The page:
Extensive work has been conducted to understand the effects of high-altitude nuclear EMP (HEMP) on systems and components, but these data are mostly for frequencies less than 1 GHz and for pulse widths in the range from 50 nsec to 1usec. The shorter pulses characteristic of HPM and UWB waveforms are significant because current methods for protecting electronics from HEMP, and other anticipated sources of disruption, will not be effective against pulses from RF weapons. High-altitude nuclear EMP does not have significant energy above a few tens of megahertz, whereas HPM spectra are typically in the few gigahertz to tens of gigahertz range and UWB spectra may contain energy in the frequency range from hundreds of megahertz to a few gigahertz. There is extensive information on the effects of lightning and nuclear EMP on electronic devices, but these pulses are significantly longer than the pulses from HPM and UWB sources. Since HPM and UWB pulses tend to be shorter than the response times of most limiters, their RF energy can pass largely unattenuated into the target and cause upset or damage before the limiter can turn on. Tests over the last 10 years have produced data on component responses to pulse widths in the range from 1 to 50 nsec. However little information is available that describes electronic responses for incident pulses having sub-nanosecond pulsewidths. Testing is needed to establish effects of the following general waveforms: very short (nanosecond and sub-nanosecond) single pulses, multiple closely-spaced very-short pulses, and long (millisecond) pulses.

      Much of the existing effects data is from direct drive tests. Such tests produce the most repeatable indication of whether or not the pulse in question will upset or damage the device being tested. However these tests do not help clarify the issue of whether or not the RF waveform in question will actually couple through the walls, openings, filters, cables, and wires that separate components at risk from the external environment. This uncertainty creates a situation in which even the best analysis must be based upon significant assumptions. As a result, our commercial and military systems may be much more, or much less, susceptible to upset or damage than we now assume. As a result, characterization of representative components and circuits and the effects of physical configurations are badly needed for very short pulses.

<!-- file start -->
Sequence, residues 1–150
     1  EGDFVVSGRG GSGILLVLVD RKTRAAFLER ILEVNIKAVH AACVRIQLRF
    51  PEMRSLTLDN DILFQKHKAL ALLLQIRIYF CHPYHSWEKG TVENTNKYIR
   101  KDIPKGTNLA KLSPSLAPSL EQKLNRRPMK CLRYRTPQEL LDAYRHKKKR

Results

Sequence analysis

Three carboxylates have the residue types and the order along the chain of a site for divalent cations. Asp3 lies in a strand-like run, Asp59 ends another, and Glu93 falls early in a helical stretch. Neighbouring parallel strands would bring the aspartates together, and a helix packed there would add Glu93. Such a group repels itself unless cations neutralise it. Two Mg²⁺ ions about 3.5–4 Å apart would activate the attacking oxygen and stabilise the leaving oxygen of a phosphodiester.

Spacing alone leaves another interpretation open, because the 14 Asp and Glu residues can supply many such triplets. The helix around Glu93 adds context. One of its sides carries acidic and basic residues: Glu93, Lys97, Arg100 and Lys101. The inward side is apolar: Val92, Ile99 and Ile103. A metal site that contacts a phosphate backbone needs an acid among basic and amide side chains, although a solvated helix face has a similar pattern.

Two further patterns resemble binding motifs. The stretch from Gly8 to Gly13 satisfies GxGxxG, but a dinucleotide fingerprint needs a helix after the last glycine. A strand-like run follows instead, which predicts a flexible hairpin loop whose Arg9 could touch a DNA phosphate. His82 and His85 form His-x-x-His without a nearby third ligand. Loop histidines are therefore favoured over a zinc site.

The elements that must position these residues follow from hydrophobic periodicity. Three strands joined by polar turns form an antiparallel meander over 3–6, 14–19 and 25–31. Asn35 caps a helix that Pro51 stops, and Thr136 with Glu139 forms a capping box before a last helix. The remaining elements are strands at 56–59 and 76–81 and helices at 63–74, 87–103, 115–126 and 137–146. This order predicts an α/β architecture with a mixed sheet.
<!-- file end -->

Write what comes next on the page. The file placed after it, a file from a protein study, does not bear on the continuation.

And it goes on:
A 1996 paper by Bludov, et al12 from the Kharkov Physico-Technical Institute, Ukraine described HPM and UWB testing on electronic components and biological systems. The paper identified three levels of damage: temporary upset, permanent upset, and burnout. It appears that Ukraine has a systematic program to characterize the effects of HPM and UWB waveforms on electronic components.